and multiplies it by weights and adds our bias terms. These parameters have been created by the object itself when called. All we need to do is to specify the size of the input and the output.

Next, we also want to create a `relu `

function as the activation and then `sigmoid `

for the output, since it’s a binary classification problem.

Now, all we need to do is to create a forward method, which receives an input tensor that passes through our hidden layer. This is going to be a linear transformation that we explained earlier, which is going to go through a `relu `

activation, another linear layer which is our output layer and finally through a sigmoid activation. Then, we can look at the structure that we have defined for our network. This means how many neurons we have in each layer, along with the activation functions.

## 6. Loss Function (Criterion) and Optimizer

After the forward pass, a loss function is calculated from the target `y_train`

and the prediction `y_pred`

in order to update weights for the improved model selection in the further step. Setting up the loss function is a fairly simple step in PyTorch. Here, we will use the **Cross**–**entropy loss**, or log **loss**. It measures the performance of a classification model whose output is a probability value between 0 and 1. We should note that the **Cross**–**entropy loss** increases as the predicted probability diverge from the actual label.

Next, we will use Adam optimizer for the update of hyper-parameters. A function `model.parameters()`

will provide the parameters to the optimizer and `lr=0.01`

defines the learning rate for Adam algorithm.

```
criterion = torch.nn.CrossEntropyLoss()
optimizer = torch.optim.Adam(model.parameters(), lr = 0.01)
```

## 7. Model Training

Our model is now ready to train. We begin by setting up an epoch size. Epoch is a single pass through the training dataset. In the example below, the number of epochs is set to 1000, meaning that there will be 1000 single passes of the training phase and weight updates.

```
# transfers our tensor from CPU to GPU 1 if CUDA is available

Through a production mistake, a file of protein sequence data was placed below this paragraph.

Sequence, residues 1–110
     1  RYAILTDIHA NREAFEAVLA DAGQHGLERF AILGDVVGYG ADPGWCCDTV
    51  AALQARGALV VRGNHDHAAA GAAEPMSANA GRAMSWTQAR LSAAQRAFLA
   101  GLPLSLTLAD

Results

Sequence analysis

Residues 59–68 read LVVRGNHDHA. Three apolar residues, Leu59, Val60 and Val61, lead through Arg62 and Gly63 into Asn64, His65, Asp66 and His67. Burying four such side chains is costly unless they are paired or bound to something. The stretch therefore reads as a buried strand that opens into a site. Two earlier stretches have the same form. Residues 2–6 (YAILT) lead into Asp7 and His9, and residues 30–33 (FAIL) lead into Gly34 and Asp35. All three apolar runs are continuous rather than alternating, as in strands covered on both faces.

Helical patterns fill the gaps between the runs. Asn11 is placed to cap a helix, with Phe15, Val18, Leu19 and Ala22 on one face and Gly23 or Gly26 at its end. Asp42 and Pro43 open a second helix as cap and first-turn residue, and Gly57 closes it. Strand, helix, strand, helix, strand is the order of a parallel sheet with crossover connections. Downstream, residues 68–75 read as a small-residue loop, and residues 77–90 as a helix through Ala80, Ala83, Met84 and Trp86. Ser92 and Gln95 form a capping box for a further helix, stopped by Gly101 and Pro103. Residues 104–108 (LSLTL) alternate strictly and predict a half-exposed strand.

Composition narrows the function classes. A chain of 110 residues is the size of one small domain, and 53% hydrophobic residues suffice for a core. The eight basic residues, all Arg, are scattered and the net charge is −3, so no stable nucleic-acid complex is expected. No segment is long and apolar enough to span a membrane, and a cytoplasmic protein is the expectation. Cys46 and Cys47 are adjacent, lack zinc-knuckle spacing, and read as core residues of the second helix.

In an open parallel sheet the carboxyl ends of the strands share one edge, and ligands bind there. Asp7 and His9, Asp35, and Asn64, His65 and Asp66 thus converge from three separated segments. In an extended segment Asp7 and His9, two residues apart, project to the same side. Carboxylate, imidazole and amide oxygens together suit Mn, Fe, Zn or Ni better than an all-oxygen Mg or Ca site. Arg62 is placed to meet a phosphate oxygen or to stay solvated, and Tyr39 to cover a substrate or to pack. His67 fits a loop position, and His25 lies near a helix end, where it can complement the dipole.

if torch.cuda.is_available():
X_train = Variable(X_train).cuda()
y_train = Variable(y_train).cuda()
X_test = Variable(X_test).cuda()
y_test = Variable(y_test).cuda()
num_epochs = 1000
for epoch in range(num_epochs):
# forward propagation
y_pred = model(X_train)
loss = criterion(y_pred, y_train)
# back propagation
optimizer.zero_grad()
loss.backward()
optimizer.step()
if epoch % 200 == 0:
print('Epoch [{}/{}], Loss: {:.5f}'.format(epoch, num_epochs, loss.item()))
print('\nTraining Complete')
```

```
Output:
Epoch [0/1000], Loss: 0.67416
Epoch [200/1000], Loss: 0.06665
Epoch [400/1000], Loss: 0.02735
Epoch [600/1000], Loss: 0.01536
Epoch [800/1000], Loss: 0.01033
Training Complete
```

After the forward pass and the loss computation is done, we do a backward pass, which refers to the process of learning and updating the weights. First, we first need to set our gradient to zero: `optimizer.zero_grad()`

. This is because every time a variable is backpropagated through the network multiple times, the gradient will be accumulated instead of being replaced from the previous training step in our current training step. This will prevent our network to update its parameters properly. Then, we run a backward pass by `loss.backward()`

and `optimizer.step()`

which updates our parameters based on the current gradient.

## 8. Make Predictions

Now that when our model is trained, we can simply make a new prediction by passing in the X_test feature vector into our model:

```
model_prediction = model.predict(X_test)
X_test = X_test.cpu().numpy() # We are moving our tensors to cpu now
y_test = y_test.cpu().numpy()
model_prediction = np.array(model_prediction) # convert our predictions from list to numpy.array()
print("Accuracy Score on test data ==>> {}%".format(accuracy_score(model_prediction, y_test) * 100))
```

Output: Accuracy Score on test data ==>> 100.0%

Finally, we get an accuracy score of 100%. If you are running this on your personal computer or through the interactive Google colab this accuracy score will vary constantly since the input features are randomly generated.

## 9. Visualize our Predictions

Finally, we may plot the result and visually compare the actual predictions with the predictions that our model has made.

```
model_prediction = model.predict(X_test)
X_test = X_test.cpu().numpy() # We are moving our tensors to cpu now
y_test = y_test.cpu().numpy()
model_prediction = np.array(model_prediction) # convert our predictions from list to numpy.array()
print("Accuracy Score on test data ==>> {}%".format(accuracy_score(model_prediction, y_test) * 100))
```

```
Output:
Accuracy Score on test data ==>> 100.0%
```

## 10. Testing our Model

We may also test our result, by picking two points from the diagram and pass the values into our model to see what our model will predict.

```
fig, ax = plt.subplots(2, 1, figsize=(12, 10))
# True Predictions
ax[0].scatter(X_test[y_test==0, 0], X_test[y_test==0, 1], label='Class 0', cmap=cm.coolwarm)
ax[0].scatter(X_test[y_test==1, 0], X_test[y_test==1, 1], label='Class 1', cmap=cm.coolwarm)
ax[0].set_title('Actual Predictions')
ax[0].legend()
# Models Predictions
ax[1].scatter(X_test[model_prediction==0, 0], X_test[model_prediction==0, 1], label='Class 0', cmap=cm.coolwarm)
ax[1].scatter(X_test[model_prediction==1, 0], X_test[model_prediction==1, 1], label='Class 1', cmap=cm.coolwarm)
ax[1].set_title('Our Model Predictions')
ax[1].legend()
```

## Summary

To sum it up, we have learned how to train our neural network model to make accurate predictions for our *circle *classification problem in PyTorch. We hope you enjoyed it. In the next post we will be working with the handwritten digit dataset.

We also provide an interactive Colab notebook which can be found here Run in Google Colab